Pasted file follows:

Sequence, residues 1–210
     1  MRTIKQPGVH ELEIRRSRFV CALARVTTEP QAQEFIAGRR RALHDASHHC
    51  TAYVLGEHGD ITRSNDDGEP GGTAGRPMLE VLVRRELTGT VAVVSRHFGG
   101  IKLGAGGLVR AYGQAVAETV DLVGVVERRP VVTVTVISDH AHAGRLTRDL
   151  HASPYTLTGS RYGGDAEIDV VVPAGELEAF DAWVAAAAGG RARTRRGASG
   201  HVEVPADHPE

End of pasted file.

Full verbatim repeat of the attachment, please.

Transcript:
Sequence, residues 1–210
     1  MRTIKQPGVH ELEIRRSRFV CALARVTTEP QAQEFIAGRR RALHDASHHC
    51  TAYVLGEHGD ITRSNDDGEP GGTAGRPMLE VLVRRELTGT VAVVSRHFGG
   101  IKLGAGGLVR AYGQAVAETV DLVGVVERRP VVTVTVISDH AHAGRLTRDL
   151  HASPYTLTGS RYGGDAEIDV VVPAGELEAF DAWVAAAAGG RARTRRGASG
   201  HVEVPADHPE